Koo Jeong A
Mieke Van de Voort
The group exhibition charts a series of spatial research strategies implicating a diversity of artistic points of departure such as fluid inner space, open urban space and installative space. The various photographic strategies will be mutually confronted in a transformative way, so that both spatial reflection and spatial experience can occur in dynamic and invigorating ways. Curated by Henk Slager.
curated by Henk Slager
Coordinator: Hyesoo Woo
Gerard Byrne, David Claerbout, Thomas Demand, Jonas Dahlberg, Geert Goiris, Andreas Gursky, Noritoshi Hirakawa, Klaas Hoek, Candida Hofer, Jan Kaila, Sanggil Kim, Koo Jeong A, Aglaia Konrad, Yoon-jean Lee, Armin Linke, Hermann Pitz, Thomas Ruff, Hiroshi Sugimoto, Haegue Yang, JeongMee Yoon, Mieke Van de Voort and Jeff Wall.
Since its acceptance as a form of art around the 1930s, photography has been forced as no other artistic medium to justify its medium-specific qualities. Particularly, the Greenbergian heydays of Modernism have produced such pressing urge for justification. At that moment around the end of the 1930s, painting had surpassed by far its interest in the subject of perspectivist illusion. As a consequence, painting entirely concentrated on the qualities of the two-dimensional surface implying a passion for painterly components such as planes, colors, and lines. From that time onwards, the artistic working field of perspectivist painting would be remediated by photography as an artistic medium.
However, in the artistic practice of our day, which, in line with New York-based theorist Rosalind Krauss could be said to be determined by a post-medium condition, the photographic image can no longer be viewed as a mere aesthetic registration of a situation in the real world. Rather, the topical photographic image demands the investigation of how the photograph as an imaginary medium produces diverse forms of realities and worlds which are still based on its perspectivist capacities. Such researching attitude requires a critical reevaluation - either through other media or through the history of the photographic medium - of the photographic medium as such. Subsequently, the medium-specific qualities of the photographic image have been deconstructed effecting a turn to captivating forms of spatial investigations.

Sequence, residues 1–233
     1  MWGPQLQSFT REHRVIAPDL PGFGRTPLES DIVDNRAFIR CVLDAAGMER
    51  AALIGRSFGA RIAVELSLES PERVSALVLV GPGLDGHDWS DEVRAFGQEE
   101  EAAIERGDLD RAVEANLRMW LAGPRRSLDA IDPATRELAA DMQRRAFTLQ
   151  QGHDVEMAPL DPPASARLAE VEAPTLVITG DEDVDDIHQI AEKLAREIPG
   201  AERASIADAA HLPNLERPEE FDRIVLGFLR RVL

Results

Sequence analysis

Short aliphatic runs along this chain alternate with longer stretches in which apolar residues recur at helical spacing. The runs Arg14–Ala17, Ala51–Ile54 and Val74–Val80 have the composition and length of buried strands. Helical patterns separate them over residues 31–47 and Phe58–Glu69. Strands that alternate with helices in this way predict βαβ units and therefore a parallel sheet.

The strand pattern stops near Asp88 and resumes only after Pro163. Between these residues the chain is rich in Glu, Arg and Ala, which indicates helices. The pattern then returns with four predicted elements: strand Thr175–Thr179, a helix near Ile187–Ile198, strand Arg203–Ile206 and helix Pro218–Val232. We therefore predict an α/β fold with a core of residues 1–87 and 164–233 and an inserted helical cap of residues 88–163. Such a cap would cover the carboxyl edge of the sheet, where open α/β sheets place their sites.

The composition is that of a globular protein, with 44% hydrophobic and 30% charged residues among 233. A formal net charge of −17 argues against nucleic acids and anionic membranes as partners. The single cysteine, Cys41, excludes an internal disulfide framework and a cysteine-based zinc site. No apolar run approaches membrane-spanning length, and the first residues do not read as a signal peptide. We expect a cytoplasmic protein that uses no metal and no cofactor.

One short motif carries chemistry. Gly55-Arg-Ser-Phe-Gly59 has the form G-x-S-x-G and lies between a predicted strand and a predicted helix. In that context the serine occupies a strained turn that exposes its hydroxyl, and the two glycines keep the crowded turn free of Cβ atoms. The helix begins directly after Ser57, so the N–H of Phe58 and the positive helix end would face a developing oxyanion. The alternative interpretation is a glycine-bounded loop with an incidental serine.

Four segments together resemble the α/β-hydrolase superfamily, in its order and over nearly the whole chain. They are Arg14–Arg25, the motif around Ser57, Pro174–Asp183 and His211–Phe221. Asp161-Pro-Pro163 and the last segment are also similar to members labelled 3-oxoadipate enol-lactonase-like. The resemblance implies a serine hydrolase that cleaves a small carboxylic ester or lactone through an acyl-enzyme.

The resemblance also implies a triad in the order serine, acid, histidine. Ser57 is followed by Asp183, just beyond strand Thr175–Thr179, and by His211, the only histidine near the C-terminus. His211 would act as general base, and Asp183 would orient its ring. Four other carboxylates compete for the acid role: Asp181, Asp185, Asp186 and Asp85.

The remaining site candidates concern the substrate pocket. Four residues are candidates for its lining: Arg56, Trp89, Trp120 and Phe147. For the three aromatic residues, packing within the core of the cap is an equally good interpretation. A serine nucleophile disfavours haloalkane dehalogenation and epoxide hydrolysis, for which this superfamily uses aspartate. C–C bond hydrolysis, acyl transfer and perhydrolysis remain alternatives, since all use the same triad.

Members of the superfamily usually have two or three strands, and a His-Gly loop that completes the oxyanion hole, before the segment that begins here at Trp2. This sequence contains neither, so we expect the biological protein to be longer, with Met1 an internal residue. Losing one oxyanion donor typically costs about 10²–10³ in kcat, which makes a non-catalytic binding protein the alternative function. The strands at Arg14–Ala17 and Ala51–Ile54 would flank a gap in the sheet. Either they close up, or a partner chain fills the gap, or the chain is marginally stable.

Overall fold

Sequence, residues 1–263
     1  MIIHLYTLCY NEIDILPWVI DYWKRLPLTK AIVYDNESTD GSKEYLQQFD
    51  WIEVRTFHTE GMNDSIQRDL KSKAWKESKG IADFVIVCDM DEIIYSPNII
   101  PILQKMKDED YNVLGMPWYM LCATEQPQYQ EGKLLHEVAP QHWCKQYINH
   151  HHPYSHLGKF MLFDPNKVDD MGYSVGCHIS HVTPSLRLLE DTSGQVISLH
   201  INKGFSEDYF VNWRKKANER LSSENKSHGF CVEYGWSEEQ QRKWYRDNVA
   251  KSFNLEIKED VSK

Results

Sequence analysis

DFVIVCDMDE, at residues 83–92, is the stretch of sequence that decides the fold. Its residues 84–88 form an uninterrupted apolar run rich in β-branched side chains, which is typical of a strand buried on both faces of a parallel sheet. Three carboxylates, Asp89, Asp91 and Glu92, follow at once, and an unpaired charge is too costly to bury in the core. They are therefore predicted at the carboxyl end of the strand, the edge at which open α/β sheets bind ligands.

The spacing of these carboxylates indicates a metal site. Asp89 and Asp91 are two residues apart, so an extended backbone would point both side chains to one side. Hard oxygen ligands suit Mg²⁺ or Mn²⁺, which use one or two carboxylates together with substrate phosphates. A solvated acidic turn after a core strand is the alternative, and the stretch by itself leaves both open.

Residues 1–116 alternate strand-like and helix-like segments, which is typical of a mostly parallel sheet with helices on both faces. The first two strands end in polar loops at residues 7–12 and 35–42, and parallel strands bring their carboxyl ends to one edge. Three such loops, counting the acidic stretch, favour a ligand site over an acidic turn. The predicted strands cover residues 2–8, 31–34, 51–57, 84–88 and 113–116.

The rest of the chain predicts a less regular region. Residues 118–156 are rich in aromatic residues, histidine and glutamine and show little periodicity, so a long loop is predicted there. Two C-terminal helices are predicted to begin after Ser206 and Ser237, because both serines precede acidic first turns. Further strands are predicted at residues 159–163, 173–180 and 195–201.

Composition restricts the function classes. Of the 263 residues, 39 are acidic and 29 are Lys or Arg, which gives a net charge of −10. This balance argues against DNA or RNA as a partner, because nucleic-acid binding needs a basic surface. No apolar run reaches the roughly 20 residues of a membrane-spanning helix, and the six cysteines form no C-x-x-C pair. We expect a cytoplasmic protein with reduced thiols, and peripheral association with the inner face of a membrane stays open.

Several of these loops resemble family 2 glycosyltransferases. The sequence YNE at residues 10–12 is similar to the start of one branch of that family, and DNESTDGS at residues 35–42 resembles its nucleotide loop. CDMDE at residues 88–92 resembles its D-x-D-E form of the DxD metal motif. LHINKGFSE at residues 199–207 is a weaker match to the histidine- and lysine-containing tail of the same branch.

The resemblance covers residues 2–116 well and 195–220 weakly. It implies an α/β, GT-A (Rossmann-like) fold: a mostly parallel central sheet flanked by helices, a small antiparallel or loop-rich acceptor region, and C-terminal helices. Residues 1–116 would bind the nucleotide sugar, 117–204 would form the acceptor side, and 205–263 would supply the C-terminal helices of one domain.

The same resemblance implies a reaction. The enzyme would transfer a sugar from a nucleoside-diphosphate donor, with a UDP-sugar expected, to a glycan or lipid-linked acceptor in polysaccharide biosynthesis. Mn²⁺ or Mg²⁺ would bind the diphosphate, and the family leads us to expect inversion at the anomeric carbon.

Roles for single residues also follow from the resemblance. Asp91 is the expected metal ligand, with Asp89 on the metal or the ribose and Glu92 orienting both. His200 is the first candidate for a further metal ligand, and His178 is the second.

Indeed one could argue that a critical attitude towards framing, centristic, and perspectivist styles of photography produced a novel generation of photographers fascinated by spatial environments and architectonic constellations. That fascination is connected with interesting, topical forms of photographic criticism on functionalist ways of thought parallel to perspectivist-based photography and on the subdivision of a 3D world into transparent, comprehensible, and instrumental entities.
The exhibition Flash Cube will chart a series of such spatial research strategies implicating a diversity of artistic points of departure such as fluid inner space, open urban space and installative space. The various photographic strategies will be mutually confronted in a transformative way in the exhibition's methodology of mounting (floorplan) - underscored by Rem Koolhaas’ unique non-perspectivist display system of Leeum's exhibition space - so that both spatial reflection and spatial experience can occur in dynamic and invigorating ways.
Paneldiscussion: Mapping Photographic Space: Thomas Demand, Jan Kaila, Sanggil Kim, Aglaia Konrad, Henk Slager, July 5, 1.00-5.00 p.m.
Opening: July 4, 6.00 p.m.
Leeum, Samsung Museum of Art
747-18, Hanam-dong, Yongsan-gu, Seoul